I think XP should have it's own partition in case you need to clean install your other drives (why delete the OS?) and due to swap files- just guessing though. I wouldn't allocate more than 2GB for XP - its a 1.5 GB OS and anything really more than that is a waste. I would create another partition for all your program files like Word, Excel, etc. and yet another for your games or music. Just my $.02 but if one partition gets screwed up, why bother formatting the whole drive and losing all your files - including good ones. With as much as I personally install and remove games I tend to get swap files or .dll files missing.
     
  18. Todd Hochard

    Todd Hochard Cinematographer

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    The vast majority of applications install files in various Windows directories. As such, if you have a problem with Windows or an app that requires the reinstall of either, both are inextricably linked, and both will be affected by the reinstall.
    In other words, for all but the simplest apps, if you reinstall Windows, you're going to have to reinstall the apps, as well.
    Therefore, I submit that separate partitions for for OS and apps (like Word, Excel, etc.) aren't useful.
    Also, most IDE drives I've used slow down access times considerably when they get close to full. As such, I would give a little more than 2GB for a 1.5GB OS.
    The 20/60 partition for an 80GB drive seems reasonable to me. Maybe add a third small partition for downloaded web junk (like 20/5/55 or some such- the big video partition should be last). You never know when you may inadvertantly get "Hard Drive Herpes."[​IMG]
    Todd
     
  19. Scott Rei

    Scott Rei Auditioning

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    You guys are forgetting that in a fresh install of any NT4, Win2k, or WinXP OS, you do not need to do a dos fdisk beforehand. You can and will want to do all your partitioning inside of the setup mode, so you can select a NTFS partition.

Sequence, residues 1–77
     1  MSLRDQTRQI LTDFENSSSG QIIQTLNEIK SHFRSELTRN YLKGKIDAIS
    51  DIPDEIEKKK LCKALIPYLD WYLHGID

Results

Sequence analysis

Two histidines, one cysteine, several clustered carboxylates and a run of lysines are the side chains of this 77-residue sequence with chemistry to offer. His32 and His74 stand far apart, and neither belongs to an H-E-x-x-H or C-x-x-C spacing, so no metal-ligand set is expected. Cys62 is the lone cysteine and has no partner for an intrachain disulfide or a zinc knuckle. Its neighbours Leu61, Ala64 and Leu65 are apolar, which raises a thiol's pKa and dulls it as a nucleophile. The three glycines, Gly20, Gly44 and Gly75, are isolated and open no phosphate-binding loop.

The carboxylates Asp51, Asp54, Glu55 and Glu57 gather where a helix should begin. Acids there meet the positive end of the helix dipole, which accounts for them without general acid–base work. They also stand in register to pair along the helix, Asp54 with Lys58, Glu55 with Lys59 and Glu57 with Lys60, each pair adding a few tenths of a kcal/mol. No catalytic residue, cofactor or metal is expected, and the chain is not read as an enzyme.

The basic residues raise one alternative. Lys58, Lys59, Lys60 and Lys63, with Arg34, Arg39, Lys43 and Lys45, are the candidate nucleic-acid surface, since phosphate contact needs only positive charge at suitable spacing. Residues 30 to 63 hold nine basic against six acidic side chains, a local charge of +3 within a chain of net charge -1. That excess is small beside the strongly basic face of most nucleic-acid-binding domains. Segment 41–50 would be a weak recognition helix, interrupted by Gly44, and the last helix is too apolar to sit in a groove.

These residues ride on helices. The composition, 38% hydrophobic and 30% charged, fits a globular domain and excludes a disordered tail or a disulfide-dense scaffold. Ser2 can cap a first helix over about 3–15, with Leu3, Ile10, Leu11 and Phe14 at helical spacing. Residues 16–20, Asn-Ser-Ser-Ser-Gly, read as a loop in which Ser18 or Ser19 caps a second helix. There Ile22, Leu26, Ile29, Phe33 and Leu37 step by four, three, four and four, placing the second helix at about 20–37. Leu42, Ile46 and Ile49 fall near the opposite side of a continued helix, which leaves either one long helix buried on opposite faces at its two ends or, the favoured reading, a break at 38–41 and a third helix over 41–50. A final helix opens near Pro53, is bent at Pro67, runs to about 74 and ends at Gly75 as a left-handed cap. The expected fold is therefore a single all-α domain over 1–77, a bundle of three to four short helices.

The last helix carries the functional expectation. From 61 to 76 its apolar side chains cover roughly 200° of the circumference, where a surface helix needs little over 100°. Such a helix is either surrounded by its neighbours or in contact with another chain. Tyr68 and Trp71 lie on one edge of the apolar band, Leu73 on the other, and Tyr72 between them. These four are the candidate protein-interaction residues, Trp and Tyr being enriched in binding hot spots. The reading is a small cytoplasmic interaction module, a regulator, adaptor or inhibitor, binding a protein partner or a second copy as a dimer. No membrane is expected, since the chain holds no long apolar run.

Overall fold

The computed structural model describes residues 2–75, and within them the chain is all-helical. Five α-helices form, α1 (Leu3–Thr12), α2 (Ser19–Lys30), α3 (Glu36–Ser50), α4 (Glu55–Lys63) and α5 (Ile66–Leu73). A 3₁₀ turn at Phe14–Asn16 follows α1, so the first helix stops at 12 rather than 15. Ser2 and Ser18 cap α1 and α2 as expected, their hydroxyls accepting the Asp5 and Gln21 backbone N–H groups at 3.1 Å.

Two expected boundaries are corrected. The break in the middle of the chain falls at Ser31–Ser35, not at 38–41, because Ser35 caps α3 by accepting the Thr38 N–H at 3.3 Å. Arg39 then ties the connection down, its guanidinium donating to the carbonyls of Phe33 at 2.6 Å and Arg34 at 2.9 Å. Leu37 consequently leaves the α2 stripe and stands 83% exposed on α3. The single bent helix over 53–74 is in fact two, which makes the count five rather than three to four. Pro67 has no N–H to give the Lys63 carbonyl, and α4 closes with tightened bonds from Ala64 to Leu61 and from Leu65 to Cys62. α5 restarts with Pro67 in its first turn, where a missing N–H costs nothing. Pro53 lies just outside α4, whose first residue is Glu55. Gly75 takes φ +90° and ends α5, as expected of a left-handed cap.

20. Jon_R

    Jon_R Stunt Coordinator

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    The hangups previously mentioned are likely XP searching for new hardware or something like that. And, why do you shut down XP so often? I have all sorts of silly things XP does when it boots that I'm too lazy to fix. I have an average uptime of a few weeks though, so it doesn't really bother me. Take advantage of an NT based OS, leave it on.
    About upgrading vs. clean install. I had a copy of win2k that was acting up, it was about a year old install. Just for fun I put XP on and its been great. I'm hard on an OS and I have had very few problems. Aside from Star Wars Racer, thats like hitting the reset switch, just as fast and just as predictable reboot! However, the general concensous is a clean install is better and I agree with that.
    About FDISK,
    If you don't know what FDISK is, and DOS, and booting from a floppy into a dos you should read up on it before playing with it. I think its really easy but lots of people are a bit intimidated by the black screen and the little a: .
    Lastly,
    Partitions are a mixed bag of fun. They can help you organize your data, keep your hard drive fragments down, and logically seperate applications and OS. However, no speed increases will be found doing this, USING 1 DRIVE. Now, if you had 2 drives and one had OS the other had applications that could speed things up as far as accesses go. I use a partition to logically divide my 18 gig drive into 2 9 gig drives. C has OS and applications and D has ftp and mp3. I have a 600 meg scsi drive that I write all internet cache too. This keeps my drive from being fragmented.
    If using XP, and you have a bootable cdrom you can avoid a floppy entirely. In fact, the computer I'm currently on has no floppy, well it has one but it died. I installed from CD. I have another computer on my network with a shared A drive if I have to use a floppy! [​IMG]
    This info isn't wrong, honestly none of it is, but if there are debatable issues, and there likely are, I'll fix any misunderstandings.
    Hope that helps.